The global imperative to reduce carbon emissions has brought the issue of transportation squarely into focus. As a major contributor to greenhouse gas emissions, the transportation sector is ripe for transformation, with electric vehicles (EVs) emerging as a promising solution. However, the uptake of EVs varies widely across different regions, and understanding the dynamics behind adoption is crucial for policymakers and industry stakeholders.

In a recent study, Anna Mortimore, Shyama Ratnasiri and Md Sayed Iftekhar delved into the motivations and profiles of early adopters of EVs. Titled “Who is buying electric vehicles in Australia? A study of early adopters,” this research sheds light on the factors driving EV adoption in the Australian context.

Despite the potential benefits of EVs, Australia has been slow to embrace this transition. In 2020, EVs represented only a fraction of new vehicle sales, lagging far behind other countries. This sluggish uptake can be attributed to various factors, including the lack of national policy support and the relatively high cost of EVs compared to traditional vehicles.

To gain insights into the EV adoption process, the study focused on early adopters of EVs in Queensland. These individuals represent a crucial segment of the market, providing valuable insights into the factors influencing adoption decisions.

The research revealed that early adopters of EVs in Queensland are predominantly male, university-educated, and have higher-than-average incomes. This demographic profile suggests that EV adoption may be driven by factors such as environmental consciousness, technological interest, and financial capacity.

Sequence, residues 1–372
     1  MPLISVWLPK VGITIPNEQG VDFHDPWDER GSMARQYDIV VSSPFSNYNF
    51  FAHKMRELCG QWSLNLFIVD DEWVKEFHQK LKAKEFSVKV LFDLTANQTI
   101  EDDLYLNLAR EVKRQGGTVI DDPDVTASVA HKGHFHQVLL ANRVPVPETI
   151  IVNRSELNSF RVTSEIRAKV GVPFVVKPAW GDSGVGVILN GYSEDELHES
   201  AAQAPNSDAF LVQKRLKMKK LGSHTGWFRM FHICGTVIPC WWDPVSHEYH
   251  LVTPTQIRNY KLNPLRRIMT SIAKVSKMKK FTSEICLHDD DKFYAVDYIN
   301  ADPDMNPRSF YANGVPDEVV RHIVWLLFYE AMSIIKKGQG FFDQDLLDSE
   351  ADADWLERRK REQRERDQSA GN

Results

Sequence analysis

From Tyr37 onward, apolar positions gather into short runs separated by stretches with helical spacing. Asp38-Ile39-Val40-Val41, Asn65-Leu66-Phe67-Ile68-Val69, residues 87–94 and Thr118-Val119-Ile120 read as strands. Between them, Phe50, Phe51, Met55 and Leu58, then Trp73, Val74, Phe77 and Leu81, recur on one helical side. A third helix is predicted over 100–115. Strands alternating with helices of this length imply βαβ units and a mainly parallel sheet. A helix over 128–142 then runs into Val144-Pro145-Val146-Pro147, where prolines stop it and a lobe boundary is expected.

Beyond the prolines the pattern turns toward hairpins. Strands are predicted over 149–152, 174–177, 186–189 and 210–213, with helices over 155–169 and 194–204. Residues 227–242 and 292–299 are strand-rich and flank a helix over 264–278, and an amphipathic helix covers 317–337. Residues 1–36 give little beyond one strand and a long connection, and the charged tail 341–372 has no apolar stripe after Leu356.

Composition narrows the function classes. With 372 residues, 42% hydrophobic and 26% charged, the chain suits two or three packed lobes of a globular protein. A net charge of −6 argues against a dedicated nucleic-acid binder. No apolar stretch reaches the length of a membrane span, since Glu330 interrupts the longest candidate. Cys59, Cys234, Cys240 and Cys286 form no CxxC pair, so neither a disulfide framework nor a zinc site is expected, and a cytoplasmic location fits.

The findings of this study have important implications for policymakers and industry stakeholders seeking to promote EV adoption in Australia. By understanding the motivations and preferences of early adopters, policymakers can design targeted incentives and policies to accelerate the transition to EVs.

In conclusion, the study highlights the importance of understanding the diverse motivations behind EV adoption in Australia. By recognizing the unique preferences and characteristics of early adopters, stakeholders can chart a path towards a more sustainable and electrified transportation system.


Dr Anna Mortimore, Dr Shyama Ratnasiri and Associate Professor Md Sayed Iftekhar from the  Department of Accounting, Finance and Economics and Griffith Asia Institute members.

Please click here to read the full journal article “Who is buying electric vehicles in Australia? A study of early adopters” published by Taylor and Francis.